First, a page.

ABMP National Massage Consumer Survey

By Staff

ABMP conducted its eighth national survey of American adults in January to gauge use and attitudes about massage.
Harstad Strategic Research, a leading public survey firm, conducted the survey on ABMP’s behalf.

American adults who have had a massage at some point in their lives: 40%

American adults who received a massage in 2018: 18%

Households reporting at least one member receiving a massage in 2018: 25%

25% of consumers who have never had a massage are “very open” or “fairly open” to getting a massage in the future

60% of prior massage consumers are “very open” or “fairly open” to getting a massage in the future

Top reasons for not getting a massage in 2018

(These recipients have received a massage before, but not in 2018; respondents could select more than one answer)

34% too expensive

“I would try to personalize the conversation. Find out what that person’s unique needs are and then discuss how the benefits of the work I offer meet (and exceed) their needs. Ongoing pain in their right hip and glute? Targeted treatment work can help with that! Headaches from stress and tight neck and shoulders? A combination of techniques that focus on those areas can help lessen the tension and pain! Make sure clients understand that the benefits of the work are more than worth the time and money to receive (ideally regularly scheduled) massage.” —Kristin Coverly, LMT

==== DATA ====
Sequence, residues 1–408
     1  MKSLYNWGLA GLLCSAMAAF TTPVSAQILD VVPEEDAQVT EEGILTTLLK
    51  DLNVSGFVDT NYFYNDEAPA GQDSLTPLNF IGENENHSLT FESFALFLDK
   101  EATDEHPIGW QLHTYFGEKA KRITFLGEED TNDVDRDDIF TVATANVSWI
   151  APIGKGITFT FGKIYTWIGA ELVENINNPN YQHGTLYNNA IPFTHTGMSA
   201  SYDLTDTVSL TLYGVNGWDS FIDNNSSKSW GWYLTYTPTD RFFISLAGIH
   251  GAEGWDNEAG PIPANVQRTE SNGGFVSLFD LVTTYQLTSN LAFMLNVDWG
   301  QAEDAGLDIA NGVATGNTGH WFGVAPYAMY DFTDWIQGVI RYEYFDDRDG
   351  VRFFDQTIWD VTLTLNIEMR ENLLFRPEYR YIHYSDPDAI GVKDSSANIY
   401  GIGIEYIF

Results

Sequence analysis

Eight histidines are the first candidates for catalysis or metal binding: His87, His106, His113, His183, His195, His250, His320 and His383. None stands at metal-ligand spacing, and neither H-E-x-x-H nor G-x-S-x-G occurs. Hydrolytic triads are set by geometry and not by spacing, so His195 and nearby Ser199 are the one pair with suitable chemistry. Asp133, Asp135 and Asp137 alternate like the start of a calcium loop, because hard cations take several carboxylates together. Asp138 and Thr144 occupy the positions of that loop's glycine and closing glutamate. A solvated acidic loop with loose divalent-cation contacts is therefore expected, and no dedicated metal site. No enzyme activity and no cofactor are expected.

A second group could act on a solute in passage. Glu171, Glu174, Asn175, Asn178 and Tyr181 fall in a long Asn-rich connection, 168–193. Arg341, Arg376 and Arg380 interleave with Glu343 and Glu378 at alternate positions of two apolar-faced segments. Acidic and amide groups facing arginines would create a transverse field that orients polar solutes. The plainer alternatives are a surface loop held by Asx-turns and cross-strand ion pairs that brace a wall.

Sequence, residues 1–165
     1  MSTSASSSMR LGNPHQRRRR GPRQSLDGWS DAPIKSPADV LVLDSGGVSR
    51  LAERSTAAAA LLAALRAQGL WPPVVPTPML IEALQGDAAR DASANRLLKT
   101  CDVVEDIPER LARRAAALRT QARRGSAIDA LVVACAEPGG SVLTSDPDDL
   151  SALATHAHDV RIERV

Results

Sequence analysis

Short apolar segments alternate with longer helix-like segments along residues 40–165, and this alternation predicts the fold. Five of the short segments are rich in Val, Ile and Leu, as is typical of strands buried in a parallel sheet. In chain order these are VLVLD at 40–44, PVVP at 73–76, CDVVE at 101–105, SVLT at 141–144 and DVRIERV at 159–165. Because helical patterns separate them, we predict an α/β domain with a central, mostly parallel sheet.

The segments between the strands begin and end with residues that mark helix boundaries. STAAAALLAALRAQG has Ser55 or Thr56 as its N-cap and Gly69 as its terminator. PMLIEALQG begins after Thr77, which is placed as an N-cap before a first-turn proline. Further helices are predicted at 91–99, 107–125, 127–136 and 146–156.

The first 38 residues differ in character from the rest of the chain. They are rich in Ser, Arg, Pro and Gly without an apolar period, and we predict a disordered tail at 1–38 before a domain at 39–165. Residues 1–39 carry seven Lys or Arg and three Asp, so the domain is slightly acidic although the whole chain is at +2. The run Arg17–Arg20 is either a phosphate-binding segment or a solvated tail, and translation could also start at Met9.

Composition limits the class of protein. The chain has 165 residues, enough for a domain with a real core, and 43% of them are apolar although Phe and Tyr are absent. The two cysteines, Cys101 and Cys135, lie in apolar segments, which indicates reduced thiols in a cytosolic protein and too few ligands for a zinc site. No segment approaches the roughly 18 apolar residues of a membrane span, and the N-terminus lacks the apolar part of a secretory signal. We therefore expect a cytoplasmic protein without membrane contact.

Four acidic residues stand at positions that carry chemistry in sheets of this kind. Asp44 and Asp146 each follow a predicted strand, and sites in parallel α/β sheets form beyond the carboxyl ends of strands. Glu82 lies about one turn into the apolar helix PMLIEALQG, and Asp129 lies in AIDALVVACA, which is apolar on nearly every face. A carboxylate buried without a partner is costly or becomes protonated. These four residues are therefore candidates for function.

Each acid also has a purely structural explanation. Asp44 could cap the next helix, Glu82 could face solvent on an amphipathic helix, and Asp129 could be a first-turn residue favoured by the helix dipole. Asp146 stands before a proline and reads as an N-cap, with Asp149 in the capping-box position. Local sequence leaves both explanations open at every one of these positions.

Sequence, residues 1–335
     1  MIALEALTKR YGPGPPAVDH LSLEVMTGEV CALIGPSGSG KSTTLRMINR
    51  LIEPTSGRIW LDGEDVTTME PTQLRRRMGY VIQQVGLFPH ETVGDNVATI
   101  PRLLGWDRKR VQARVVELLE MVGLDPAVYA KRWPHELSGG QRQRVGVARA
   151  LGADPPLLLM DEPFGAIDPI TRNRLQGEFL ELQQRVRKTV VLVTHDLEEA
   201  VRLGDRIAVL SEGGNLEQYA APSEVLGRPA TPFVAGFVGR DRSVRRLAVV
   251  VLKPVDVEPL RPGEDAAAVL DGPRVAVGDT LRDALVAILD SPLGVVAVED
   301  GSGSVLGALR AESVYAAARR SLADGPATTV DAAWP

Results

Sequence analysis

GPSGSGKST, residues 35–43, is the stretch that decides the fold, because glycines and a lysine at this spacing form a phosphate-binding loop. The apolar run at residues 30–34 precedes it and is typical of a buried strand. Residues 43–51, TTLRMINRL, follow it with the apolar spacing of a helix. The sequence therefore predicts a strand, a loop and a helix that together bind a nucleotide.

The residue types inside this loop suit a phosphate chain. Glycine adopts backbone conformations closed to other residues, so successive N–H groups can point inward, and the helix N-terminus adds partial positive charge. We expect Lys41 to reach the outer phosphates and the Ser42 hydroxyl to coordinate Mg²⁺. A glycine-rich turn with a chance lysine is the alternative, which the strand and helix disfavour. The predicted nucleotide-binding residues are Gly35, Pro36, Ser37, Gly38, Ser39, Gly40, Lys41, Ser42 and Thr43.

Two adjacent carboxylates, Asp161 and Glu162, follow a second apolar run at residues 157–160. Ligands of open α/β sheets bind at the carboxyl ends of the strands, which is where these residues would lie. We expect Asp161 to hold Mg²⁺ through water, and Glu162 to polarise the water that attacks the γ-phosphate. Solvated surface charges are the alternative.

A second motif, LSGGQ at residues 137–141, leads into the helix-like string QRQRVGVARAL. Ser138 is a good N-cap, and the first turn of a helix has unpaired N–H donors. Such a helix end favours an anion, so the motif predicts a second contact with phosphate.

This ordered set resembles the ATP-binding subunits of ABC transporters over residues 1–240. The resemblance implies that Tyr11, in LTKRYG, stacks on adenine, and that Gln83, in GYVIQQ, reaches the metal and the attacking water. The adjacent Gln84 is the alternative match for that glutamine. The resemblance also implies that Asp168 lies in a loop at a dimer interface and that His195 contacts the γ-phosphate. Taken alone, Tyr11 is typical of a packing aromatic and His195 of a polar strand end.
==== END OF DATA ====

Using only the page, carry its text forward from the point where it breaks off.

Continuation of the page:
31% don’t need a massage

“I would educate these consumers on the effects of stress and its harmful effects on overall health and well-being. I would also reference that 80 percent of doctor’s visits relate to stress. And I might encourage them to consider the cost of health care: preventive versus reactive. Maybe they have another means of handling stress; consider massage as a powerful tool or component to one’s overall wellness plan.”—Angie Parris-Raney, LMT

29% no time

12% of past consumers did not receive a massage in 2018 because they reported “no injury, soreness, back pain, or stress.”

This signals to us that there’s plenty of space for a conversation with existing and potential clients about the benefits of massage as a preventive wellness strategy and that its value far exceeds only addressing injuries or pain in the moment.